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Report numberRA-2006-79
TitleTraffic signals with permissive or protected left turn phasing. Effects on traffic safety.
SubtitlePart 2: Data analysis in Flanders, Belgium.
AuthorsAn Dreesen
Erik Nuyts
Published byPolicy Research Centre for Traffic Safety 2002-2006
Number of pages44
Date27/01/2006
ISBN
Document languageDutch
Partner(s)PHL
Work packageOther: Infrastructure and space
Summary

Intersections are places in the traffic network where the potential for conflicts is high. Specific infrastructural measures can be taken to organise and bring structure at these points. One of these measures is the installation of traffic signals.

 

Signalisations at intersections provide a separation of traffic flows in time. Different types of signalisation can be distinguished what the phasing for left turning vehicles is concerned. An intersection with a permissive left turn phase means there is no exclusive phase for left turning traffic, which must use gaps in oncoming traffic to turn left. At a fully protected left turn, vehicles turning left get an exclusive phase to turn left. There is no oncoming traffic that has to be given way. Partly protected signals have a fully protected left-turn for at least one intersection approach, but not for all of them.

 

In this report the effects of two types of traffic signals on the number of accidents are calculated: fully protected left turn signals and partly protected left turn signals, compared to permissive left turn signals. By using a comparison group, we corrected both for the general trend of the accidents and for regression to the mean. To get a more general estimate of the effect of protected left turn signals, the results of the locations were grouped in a meta-analysis.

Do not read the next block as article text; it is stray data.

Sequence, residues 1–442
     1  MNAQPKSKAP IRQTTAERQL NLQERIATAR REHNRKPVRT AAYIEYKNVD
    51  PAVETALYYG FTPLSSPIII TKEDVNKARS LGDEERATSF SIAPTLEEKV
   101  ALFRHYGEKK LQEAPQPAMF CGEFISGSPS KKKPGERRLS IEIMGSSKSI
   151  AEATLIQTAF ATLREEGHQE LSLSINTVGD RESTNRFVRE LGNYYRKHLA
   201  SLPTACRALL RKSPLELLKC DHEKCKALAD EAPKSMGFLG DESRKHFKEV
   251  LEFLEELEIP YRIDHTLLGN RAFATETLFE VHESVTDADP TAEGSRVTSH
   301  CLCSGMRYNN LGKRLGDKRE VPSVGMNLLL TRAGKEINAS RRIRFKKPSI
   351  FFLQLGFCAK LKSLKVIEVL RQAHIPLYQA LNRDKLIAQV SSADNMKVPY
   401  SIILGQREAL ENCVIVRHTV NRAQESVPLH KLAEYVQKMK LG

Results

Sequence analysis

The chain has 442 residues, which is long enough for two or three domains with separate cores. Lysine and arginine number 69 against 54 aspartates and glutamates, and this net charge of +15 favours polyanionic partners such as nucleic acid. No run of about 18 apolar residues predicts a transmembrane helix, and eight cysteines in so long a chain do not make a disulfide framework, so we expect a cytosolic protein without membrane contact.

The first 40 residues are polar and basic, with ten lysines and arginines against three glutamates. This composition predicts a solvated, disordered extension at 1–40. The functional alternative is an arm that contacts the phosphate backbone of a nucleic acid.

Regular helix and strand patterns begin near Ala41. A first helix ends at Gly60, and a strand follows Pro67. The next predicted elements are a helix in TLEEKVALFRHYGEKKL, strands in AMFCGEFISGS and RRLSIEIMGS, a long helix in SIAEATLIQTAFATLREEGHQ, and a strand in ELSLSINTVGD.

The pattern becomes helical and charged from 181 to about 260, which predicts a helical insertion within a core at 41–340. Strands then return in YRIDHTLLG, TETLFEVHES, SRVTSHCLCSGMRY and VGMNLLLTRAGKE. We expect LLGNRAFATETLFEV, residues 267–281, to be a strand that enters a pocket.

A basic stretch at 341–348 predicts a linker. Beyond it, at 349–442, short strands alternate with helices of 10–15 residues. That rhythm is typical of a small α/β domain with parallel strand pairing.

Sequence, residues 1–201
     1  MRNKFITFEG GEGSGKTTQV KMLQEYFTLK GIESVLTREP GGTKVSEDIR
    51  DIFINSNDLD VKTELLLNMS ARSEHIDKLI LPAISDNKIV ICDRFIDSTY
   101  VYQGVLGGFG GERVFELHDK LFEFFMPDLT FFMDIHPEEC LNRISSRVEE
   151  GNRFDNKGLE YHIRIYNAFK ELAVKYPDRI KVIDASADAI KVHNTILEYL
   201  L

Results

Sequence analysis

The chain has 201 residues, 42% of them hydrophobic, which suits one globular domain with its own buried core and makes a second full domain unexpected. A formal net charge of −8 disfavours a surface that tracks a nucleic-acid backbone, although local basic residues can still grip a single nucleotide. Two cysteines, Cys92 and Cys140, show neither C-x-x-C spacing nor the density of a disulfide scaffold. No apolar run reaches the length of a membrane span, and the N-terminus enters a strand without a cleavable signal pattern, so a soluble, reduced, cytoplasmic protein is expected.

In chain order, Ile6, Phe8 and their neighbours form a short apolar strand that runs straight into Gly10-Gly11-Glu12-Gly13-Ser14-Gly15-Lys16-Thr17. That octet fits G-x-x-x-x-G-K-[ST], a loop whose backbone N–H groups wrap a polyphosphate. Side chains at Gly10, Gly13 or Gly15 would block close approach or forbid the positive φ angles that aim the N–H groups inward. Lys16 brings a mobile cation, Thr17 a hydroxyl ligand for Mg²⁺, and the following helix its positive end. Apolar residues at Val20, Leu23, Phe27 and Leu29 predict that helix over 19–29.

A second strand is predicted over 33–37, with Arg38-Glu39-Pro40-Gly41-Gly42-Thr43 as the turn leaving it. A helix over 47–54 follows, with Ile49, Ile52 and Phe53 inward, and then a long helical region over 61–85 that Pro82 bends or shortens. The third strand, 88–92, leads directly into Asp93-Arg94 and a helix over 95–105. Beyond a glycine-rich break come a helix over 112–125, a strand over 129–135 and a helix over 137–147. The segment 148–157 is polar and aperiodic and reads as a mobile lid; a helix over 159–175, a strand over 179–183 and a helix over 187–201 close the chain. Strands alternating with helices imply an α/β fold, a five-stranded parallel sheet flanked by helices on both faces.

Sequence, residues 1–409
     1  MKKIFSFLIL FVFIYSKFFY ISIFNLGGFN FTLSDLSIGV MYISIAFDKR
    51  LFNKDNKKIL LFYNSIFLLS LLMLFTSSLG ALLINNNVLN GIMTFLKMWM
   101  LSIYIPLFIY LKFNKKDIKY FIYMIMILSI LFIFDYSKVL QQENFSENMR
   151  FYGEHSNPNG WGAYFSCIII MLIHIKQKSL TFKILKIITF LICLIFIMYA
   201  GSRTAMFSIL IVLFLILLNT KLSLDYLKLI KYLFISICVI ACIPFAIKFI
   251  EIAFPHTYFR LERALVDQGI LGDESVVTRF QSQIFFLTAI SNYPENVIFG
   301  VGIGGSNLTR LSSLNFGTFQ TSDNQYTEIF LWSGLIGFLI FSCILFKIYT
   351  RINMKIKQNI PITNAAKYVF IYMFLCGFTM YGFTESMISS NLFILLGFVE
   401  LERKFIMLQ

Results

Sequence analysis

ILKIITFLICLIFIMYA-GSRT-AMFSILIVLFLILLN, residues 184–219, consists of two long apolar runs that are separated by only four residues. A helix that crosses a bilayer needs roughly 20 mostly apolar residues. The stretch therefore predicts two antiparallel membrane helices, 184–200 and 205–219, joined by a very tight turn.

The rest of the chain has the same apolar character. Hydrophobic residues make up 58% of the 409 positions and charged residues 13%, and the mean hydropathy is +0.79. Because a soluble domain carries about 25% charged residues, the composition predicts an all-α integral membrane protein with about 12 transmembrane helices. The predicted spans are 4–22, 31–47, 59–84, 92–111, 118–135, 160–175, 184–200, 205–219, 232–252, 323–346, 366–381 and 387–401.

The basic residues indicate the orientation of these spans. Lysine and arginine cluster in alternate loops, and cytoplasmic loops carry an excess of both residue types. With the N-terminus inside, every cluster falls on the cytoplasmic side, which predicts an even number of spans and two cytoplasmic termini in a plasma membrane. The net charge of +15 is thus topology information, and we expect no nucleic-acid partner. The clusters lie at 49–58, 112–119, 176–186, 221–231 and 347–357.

For the installation of fully protected left turn signals, we found a significant decrease of
-30% for all injury accidents (95% confidence interval [-42%, -16%]). For accidents with severely or deadly injured victims, a significant decrease of -45%, [-66%, -11%] was found.

 

The installation of partly protected left turn signals resulted in a non-significant decrease of the injury accidents of -10% (95% confidence interval [-33%, +22%]). For accidents with severely or deadly injured victims, a significant decrease of -54% ([-77%, -5%]) was found.

 

The effects on distinct types of accidents were different: both for fully and partly protected signals the number of rear-end accidents increased and the number of left-turn accidents decreased.

 

These results on Flemish data are comparable with the effects presented in international literature.

 

A lognormal regression revealed no variables that influenced the effect of fully protected left turn signals.

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